What are cookies?
Cookies are small text files that
are placed on your computer by websites that you visit. They are widely used to
make websites work and to function more effectively. For example, they may be
required to keep you logged in to a service, or to remember your user
preferences or shopping cart contents. A cookie will typically contain a record
of the web site which issued it, its own name, and a value which is often a
randomly generated unique number.
A cookie will have a ‘lifetime’,
which tells your browser when to delete it. Cookies can be set by the website
domain itself, or by another domain, for example by Google Maps.
session cookie lasts only for the duration of the user’s website visit. A web
browser normally deletes session cookies when it quits.
persistent cookie will outlast user sessions. If a persistent cookie has its
maximum age set to 1 year, then, within the year, the initial value set in that
cookie would be sent back to the server every time the user visited the server.
This could be used to record a piece of information such as how the user
initially came to this website. For this reason persistent cookies are also
called tracking cookies.
secure cookie is only used when a browser is visiting a server via HTTPS,
ensuring that the cookie is always encrypted when transmitting from client to
First-party cookies are cookies set with the same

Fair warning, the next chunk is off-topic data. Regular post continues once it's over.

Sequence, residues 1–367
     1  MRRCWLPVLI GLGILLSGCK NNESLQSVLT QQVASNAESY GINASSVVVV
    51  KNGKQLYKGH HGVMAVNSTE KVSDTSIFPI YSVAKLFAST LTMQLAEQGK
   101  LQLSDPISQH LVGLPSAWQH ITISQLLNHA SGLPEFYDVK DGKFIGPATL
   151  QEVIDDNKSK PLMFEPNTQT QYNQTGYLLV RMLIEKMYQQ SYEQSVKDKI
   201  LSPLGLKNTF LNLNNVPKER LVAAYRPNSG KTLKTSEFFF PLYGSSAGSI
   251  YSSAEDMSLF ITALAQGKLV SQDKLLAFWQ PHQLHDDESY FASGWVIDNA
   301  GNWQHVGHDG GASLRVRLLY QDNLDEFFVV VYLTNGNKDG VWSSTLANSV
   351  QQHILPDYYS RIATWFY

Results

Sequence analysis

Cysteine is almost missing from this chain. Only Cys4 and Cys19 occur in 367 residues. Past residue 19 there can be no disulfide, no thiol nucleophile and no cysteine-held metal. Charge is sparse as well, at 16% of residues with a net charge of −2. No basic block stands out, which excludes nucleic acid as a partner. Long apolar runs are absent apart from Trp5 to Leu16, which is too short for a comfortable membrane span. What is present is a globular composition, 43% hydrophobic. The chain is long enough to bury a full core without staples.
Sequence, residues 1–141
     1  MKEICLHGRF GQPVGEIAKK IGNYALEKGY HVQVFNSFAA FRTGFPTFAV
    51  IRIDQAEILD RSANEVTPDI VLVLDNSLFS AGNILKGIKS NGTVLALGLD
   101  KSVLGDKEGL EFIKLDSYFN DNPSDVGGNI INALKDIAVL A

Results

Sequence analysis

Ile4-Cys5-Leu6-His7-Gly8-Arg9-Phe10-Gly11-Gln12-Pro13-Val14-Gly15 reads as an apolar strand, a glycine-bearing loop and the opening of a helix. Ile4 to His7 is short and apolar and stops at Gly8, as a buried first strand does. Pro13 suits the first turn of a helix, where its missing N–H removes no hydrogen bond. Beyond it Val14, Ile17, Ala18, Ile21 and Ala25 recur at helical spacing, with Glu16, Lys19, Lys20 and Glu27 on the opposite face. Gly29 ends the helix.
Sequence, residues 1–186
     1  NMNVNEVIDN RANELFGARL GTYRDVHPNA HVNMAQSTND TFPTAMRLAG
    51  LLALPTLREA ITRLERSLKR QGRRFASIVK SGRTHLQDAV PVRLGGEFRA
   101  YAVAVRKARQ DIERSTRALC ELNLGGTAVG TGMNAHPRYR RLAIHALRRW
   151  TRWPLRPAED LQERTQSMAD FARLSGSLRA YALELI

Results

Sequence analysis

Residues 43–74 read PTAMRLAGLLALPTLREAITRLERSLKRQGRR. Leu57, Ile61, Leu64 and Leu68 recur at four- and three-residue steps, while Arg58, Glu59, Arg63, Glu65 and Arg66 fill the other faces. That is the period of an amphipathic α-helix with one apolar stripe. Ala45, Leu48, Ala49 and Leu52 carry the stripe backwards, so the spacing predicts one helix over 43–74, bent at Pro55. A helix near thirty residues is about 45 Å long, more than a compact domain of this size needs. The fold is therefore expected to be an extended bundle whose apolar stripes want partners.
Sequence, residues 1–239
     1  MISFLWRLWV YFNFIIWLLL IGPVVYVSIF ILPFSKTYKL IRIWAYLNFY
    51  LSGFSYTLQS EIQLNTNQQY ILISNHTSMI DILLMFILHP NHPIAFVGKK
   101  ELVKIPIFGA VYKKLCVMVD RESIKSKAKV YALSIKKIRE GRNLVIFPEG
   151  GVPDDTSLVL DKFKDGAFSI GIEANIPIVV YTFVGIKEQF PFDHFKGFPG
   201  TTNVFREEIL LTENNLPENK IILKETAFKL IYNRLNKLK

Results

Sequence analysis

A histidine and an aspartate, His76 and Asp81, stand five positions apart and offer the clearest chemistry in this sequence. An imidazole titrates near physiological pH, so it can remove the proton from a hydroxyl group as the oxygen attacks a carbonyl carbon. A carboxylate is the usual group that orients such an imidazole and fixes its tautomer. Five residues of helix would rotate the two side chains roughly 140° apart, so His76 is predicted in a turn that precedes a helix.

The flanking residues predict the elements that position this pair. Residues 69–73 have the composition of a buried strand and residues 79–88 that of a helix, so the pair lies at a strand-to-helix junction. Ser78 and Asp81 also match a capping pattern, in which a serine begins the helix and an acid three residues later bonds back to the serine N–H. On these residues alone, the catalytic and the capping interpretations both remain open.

domain (or its subdomain) in the browser's address bar.
Third-party cookies are cookies set with different domains
from the one shown on the address bar (i.e. the web pages on that domain may
feature content from a third-party domain - e.g. Google Maps or YouTube).
Privacy setting options in most modern browsers allow you to block third-party
The principal law which governs how websites use
cookies and similar technologies when storing information on a user’s
equipment, such as their computer or mobile device, is the Privacy and
Electronic Communications (EC Directive) Regulations. The regulations were
amended on 26 May 2011.
Regulation 6 covers the use of electronic
communications networks to store information (e.g. cookies) or to gain access
to information stored in the terminal equipment of a subscriber or user. The
change in the law was prompted by concerns about online tracking of individuals
and is intended to protect the privacy of users by requiring their knowledge
not directly personally identifiable.
the Information Commissioner’s Office guidelines .
Can I turn off cookies?
You can manually disable cookies
on your computer, or delete existing cookies. You may also be able to view the
cookies already in your system. This will depend on your browser. See the links
below which tell you how to delete or disable cookies in each of the major
7 and 8
Please note that cookies are
essential to the effective functioning of some of the services we offer online.
If you disable cookies, a number of important functions and services will be
unavailable to you and our websites may not operate correctly in your browser.
below detail the
cookies used on the Arriva websites, including details of who sets each cookie,
its purpose, when it expires, its level of intrusiveness, and, if relevant, how
you can find out further information:
Arriva Bus Cookies
Green Line Cookies
Wardle Transport Cookies